The University of Maryland’s GSG will be flush with familiar faces next year.

Six of the body’s nine positions have been filled by graduate students who served in the body this year, according to election results released Monday.

Current Graduate Student Government student affairs vice president Xu Han, who was elected to serve as financial affairs vice president next year, was pleased by this development.

“It definitely will help us for the next year’s work to have so many returning executives,” he said.

[Read more: UMD grad students surprised by sudden failure of collective bargaining bill]

This year’s executive board worked to build trust with stakeholders across the campus and understand the duties associated with their roles. Since many of them will be returning next year, Han said there won’t be as much of a learning curve.

She said she’s excited to build upon the successes the legislative action committee — which she chairs — had this year. Last week, she hosted a political advocacy training session for a “full room.”

Lamb added that next year she hopes to continue working with the Graduate Assistant Advisory Committee on graduate labor issues and start pushing for more state science fellowships with the newly-created science policy advocacy graduate student group.

“All of these things are gaining momentum,” she said.

In addition to Han and Lamb, Annie Rappeport was reelected as GSG president, and Martin Sanders was reelected as the body’s legislative affairs vice president. Binbin Peng, who now serves as academic affairs vice president, will serve as community development vice president next year, and current program representative Kioumars “Q” Haeri will serve as student affairs vice president.

[Read more: UMD’s grad school may hire adviser to help students with health issues, leaves of absence]

New to the group are information management master’s student Abhimanyu Sachdeva, education policy master’s student Asamoah Shakia and information systems master’s student Lovish Mallack. They will serve as academic affairs vice president, diversity and inclusion vice president and public relations vice president, respectively.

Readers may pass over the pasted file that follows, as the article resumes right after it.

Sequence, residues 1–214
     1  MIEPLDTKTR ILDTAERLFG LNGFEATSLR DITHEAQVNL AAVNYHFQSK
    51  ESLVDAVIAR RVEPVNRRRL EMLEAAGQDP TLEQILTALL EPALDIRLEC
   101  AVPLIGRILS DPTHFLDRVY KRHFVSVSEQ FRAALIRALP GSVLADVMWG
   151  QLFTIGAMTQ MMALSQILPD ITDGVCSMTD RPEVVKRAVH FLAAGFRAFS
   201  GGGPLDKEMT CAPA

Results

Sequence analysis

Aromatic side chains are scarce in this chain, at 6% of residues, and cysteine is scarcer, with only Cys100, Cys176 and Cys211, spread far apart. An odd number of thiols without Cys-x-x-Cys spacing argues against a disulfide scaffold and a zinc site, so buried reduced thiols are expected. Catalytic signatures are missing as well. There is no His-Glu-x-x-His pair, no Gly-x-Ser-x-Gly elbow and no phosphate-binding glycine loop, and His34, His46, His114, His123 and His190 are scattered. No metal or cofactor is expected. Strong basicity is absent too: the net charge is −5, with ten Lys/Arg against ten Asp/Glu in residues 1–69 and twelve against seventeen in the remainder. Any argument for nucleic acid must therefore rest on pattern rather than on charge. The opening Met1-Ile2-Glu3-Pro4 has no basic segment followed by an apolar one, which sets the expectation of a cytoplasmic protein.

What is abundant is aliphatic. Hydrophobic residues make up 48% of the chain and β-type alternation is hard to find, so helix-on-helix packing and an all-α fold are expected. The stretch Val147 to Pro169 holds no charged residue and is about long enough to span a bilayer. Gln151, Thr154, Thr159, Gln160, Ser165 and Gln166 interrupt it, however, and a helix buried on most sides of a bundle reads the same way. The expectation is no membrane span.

Forty-eight graduate students — some GSG rookies, some veterans — will also fill out the body’s assembly.

Some confusion clouded this year’s election cycle, which Peng said she hopes to clear up when she takes over election planning next year. Since graduate students running as program representatives filled in the same nomination form as those running for executive positions, a handful unintentionally nominated themselves as executives.

To solve this problem, Peng said she’ll make two separate nomination forms — one for program representatives and one for executives. She also plans to look into proposing an amendment to the election guidelines in the group’s bylaws to make it so that graduate students must choose between running to be executives or program representatives.

“I will try to make the process transparent, fair and competitive, but fun,” she said.

CORRECTION: A previous version of this story said 32 graduates will fill out the GSG’s assembly, all of whom will represent different programs. 48 graduates will be in the GSG’s assembly, and some programs will have more than one representative. The story has been updated.